As a part of its ongoing effort to beef up its users’ security, Solana wallet has recently launched a Burn Token feature designed to allow users to remove spam NFTs sent by unscrupulous scammers.
Phantom, the Solana-based wallet provider, launched the new burn feature in response to the overwhelming amount of NFT spams its users receive regularly, costing them their digital assets.
Via a blog post on Thursday, the Phantom team revealed that the new feature is incorporated into the Phantom wallet app’s Burn token tab. Each time users use the new feature, they will receive a small deposit of the Solana (SOL) tokens as rewards.
The team explained that “We’re still in the Wild West days of Web3. As the crypto ecosystem grows, so have the number of bad actors looking for ways to steal users’ funds. The rapid growth in popularity of NFTs has led to an increasingly prevalent method of attack for scammers – Spam NFTs.”
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Highlighting the motive behind its decision to launch the new feature, the team noted that scammers are drawn to Solana’s low transaction fees and airdrop malicious links disguised as free NFTs to lure unsuspecting users and scam defraud them.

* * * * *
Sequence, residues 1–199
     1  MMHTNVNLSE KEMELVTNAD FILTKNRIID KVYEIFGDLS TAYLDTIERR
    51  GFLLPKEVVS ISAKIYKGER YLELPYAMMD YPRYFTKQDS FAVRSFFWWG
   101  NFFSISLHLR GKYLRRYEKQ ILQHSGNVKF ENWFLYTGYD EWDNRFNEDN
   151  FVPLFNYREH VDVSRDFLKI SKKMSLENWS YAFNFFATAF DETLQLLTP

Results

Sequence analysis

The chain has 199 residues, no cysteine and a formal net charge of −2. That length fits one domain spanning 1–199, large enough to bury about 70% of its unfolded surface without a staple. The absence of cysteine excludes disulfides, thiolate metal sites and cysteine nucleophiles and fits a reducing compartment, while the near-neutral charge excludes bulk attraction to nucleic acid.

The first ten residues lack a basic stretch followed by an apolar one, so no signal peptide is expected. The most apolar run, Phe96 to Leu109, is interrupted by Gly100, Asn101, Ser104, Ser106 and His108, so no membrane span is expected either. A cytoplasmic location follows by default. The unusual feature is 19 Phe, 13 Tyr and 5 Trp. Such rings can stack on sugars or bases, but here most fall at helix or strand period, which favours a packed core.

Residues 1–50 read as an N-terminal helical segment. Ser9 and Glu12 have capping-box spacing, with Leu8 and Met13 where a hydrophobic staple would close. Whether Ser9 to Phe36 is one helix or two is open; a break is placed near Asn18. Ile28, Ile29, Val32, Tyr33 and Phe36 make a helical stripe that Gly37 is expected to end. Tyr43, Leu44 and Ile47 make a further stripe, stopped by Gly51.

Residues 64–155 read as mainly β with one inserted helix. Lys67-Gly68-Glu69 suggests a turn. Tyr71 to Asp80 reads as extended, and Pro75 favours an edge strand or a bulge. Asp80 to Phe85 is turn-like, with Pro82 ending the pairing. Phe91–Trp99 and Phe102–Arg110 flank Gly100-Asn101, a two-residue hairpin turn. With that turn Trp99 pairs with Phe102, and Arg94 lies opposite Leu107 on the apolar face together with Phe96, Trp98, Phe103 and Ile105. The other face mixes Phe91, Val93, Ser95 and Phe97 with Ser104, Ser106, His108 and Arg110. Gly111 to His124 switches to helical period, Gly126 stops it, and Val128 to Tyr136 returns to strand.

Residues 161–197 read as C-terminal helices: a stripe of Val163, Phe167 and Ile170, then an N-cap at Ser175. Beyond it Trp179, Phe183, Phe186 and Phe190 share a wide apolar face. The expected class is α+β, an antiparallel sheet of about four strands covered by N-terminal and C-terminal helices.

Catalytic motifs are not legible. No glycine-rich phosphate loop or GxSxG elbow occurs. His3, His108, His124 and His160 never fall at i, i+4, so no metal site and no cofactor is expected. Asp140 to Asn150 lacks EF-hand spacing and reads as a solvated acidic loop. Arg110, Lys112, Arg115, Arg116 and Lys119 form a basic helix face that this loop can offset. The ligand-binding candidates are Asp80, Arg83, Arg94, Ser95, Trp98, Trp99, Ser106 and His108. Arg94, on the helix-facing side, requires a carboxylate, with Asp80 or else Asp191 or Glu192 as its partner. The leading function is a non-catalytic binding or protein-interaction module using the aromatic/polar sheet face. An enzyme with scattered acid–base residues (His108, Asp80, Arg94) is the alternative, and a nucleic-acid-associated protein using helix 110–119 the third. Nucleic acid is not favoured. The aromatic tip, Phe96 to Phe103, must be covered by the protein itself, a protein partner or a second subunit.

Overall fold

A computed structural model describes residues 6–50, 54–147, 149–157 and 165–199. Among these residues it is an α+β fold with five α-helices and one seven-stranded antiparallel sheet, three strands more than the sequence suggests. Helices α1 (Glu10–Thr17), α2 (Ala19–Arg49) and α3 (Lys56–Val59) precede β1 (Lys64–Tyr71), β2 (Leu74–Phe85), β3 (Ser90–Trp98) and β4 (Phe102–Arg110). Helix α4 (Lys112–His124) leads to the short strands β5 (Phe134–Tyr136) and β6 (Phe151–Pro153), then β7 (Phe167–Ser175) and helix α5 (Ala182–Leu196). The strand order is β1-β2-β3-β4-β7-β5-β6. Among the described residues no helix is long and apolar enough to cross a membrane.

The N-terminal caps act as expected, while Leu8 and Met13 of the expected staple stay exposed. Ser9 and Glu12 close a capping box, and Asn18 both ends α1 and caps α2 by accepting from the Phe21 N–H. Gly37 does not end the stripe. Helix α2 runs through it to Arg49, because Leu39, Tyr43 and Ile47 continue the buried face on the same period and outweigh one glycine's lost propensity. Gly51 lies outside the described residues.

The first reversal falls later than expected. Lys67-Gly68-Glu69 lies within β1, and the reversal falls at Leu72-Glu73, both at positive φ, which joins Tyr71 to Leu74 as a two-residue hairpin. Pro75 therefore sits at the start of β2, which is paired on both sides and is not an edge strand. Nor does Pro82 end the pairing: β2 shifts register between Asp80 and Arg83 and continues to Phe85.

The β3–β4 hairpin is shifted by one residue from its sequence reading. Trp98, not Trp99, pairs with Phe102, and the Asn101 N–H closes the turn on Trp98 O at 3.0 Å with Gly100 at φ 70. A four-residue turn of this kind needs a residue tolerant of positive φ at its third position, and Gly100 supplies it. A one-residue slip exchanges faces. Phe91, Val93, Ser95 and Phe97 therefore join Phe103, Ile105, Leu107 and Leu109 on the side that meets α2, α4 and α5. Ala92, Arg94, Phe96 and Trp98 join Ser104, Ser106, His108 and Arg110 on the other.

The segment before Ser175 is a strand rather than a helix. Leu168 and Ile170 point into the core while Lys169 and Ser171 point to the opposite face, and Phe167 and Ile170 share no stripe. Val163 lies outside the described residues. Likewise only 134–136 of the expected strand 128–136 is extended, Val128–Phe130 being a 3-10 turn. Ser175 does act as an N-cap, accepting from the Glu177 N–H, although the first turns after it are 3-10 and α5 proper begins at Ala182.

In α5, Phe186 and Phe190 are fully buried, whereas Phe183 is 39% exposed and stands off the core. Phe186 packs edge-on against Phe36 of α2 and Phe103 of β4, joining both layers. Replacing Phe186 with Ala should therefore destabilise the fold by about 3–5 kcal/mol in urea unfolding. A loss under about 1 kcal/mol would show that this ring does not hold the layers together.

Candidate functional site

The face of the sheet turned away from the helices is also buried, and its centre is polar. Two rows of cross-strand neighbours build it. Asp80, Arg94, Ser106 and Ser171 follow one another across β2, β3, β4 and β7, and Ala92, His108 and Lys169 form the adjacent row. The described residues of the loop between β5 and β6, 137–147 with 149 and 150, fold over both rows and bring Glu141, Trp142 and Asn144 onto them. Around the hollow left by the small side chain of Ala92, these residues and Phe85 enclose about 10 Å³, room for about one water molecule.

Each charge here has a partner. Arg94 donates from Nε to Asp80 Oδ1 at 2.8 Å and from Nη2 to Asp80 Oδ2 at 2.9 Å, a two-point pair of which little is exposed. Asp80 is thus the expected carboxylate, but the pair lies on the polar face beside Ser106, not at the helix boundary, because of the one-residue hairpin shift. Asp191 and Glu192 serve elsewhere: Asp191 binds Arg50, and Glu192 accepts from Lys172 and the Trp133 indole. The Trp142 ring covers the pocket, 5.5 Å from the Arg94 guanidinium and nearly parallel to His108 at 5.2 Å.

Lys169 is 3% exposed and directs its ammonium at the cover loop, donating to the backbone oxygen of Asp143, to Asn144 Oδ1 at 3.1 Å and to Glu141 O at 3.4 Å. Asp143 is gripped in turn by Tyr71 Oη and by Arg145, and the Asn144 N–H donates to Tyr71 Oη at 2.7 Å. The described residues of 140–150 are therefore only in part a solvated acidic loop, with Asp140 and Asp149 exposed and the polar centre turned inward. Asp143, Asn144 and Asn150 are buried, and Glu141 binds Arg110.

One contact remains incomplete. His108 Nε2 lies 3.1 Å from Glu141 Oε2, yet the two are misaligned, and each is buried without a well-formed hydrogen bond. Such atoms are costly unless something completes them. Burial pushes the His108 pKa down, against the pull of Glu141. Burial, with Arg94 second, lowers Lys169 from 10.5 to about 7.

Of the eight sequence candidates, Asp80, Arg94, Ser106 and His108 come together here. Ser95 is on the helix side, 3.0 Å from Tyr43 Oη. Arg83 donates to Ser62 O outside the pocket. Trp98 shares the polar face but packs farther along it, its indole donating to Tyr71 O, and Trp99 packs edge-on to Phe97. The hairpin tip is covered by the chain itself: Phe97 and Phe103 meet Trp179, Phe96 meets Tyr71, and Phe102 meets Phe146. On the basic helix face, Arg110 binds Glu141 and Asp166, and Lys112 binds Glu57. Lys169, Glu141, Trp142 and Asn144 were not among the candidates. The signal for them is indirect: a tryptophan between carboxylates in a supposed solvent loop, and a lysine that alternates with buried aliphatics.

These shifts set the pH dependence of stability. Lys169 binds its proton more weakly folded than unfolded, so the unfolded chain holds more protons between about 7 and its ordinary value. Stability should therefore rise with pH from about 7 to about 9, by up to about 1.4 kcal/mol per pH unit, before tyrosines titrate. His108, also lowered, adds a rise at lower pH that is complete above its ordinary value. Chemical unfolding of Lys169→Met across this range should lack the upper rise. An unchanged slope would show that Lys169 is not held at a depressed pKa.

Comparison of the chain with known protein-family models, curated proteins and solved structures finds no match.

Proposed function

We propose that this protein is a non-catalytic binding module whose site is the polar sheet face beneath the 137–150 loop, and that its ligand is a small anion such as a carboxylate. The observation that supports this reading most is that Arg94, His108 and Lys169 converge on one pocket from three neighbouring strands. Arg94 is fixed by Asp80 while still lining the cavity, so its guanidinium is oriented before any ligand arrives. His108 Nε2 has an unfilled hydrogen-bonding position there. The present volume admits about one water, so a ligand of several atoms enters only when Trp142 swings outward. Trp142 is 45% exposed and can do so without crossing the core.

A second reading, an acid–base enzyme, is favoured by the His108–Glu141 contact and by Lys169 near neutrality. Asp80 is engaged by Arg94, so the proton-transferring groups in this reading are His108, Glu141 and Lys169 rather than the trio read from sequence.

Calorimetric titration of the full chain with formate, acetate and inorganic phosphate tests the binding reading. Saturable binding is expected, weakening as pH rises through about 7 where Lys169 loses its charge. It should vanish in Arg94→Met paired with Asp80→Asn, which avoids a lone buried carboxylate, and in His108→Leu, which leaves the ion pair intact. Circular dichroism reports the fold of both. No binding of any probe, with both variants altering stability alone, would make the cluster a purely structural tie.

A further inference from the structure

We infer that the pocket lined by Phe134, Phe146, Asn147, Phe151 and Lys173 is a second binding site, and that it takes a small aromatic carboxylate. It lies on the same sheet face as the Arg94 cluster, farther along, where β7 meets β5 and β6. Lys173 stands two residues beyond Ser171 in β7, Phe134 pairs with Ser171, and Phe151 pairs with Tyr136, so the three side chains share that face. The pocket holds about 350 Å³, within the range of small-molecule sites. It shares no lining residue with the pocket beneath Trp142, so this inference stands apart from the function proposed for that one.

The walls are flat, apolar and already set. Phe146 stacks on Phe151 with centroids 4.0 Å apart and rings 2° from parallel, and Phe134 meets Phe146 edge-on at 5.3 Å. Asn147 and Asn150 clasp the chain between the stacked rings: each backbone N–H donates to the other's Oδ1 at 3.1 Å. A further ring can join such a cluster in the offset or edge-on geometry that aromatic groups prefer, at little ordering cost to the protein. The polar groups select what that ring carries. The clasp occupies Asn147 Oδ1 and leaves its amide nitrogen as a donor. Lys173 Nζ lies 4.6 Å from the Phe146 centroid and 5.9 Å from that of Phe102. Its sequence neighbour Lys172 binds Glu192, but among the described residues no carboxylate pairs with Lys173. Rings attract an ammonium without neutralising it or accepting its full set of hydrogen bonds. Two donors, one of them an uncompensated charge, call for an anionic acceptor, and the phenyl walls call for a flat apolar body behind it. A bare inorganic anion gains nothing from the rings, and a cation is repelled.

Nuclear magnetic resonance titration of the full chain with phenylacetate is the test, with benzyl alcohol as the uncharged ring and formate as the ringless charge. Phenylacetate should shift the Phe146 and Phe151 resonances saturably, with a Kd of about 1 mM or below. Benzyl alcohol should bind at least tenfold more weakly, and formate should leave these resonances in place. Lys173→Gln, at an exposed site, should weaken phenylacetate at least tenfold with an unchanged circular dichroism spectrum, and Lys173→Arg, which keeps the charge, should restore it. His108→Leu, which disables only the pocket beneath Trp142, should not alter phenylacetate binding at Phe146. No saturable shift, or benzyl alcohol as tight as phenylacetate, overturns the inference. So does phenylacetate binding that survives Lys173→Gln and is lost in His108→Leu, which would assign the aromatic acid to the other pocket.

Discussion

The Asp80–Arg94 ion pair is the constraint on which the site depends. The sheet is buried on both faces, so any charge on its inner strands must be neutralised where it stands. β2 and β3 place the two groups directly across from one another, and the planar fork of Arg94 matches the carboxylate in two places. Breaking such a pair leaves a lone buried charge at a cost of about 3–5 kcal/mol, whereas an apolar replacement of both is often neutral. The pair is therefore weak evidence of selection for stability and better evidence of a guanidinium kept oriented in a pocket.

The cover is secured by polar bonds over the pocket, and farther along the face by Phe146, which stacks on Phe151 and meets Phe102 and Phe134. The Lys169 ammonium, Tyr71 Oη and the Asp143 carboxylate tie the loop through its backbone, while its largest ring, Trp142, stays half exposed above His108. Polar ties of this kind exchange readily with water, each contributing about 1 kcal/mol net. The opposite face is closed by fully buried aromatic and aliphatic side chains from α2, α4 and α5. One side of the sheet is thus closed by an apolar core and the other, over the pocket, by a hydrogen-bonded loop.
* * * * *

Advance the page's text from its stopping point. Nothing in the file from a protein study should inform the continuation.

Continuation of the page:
The Spam NFTs prompt receivers to click a link to supposedly mint some free NFTs. Unsuspecting receivers who complete the process expose themselves to hackers who will drain their wallets. Alternatively, the hackers may ask receivers to input their seed phrase in an attempt to scam them.
The post noted further that “These scams are becoming increasingly more sophisticated. For instance, after a contract address and domain are identified as malicious, scammers can change the metadata of an NFT to try to avoid being blacklisted. It can feel like an endless game of whack-a-mole.”
The team explained that it took the step to reduce the activities of bad actors in the crypto space and to reduce spam NFTs to the barest minimum. Other steps it has taken to fight scammers include its phishing warning system where users are warned against “any malicious transactions that could compromise their assets or permissions” once they click on any dubious link.
In conclusion, Phantom added that “While we’re introducing NFT burning today, we’re not stopping there. Users can look forward to more automated spam detection in the future. Using providers like SimpleHash and our own internal reporting, we will be able to gauge if an NFT is likely to be spam.”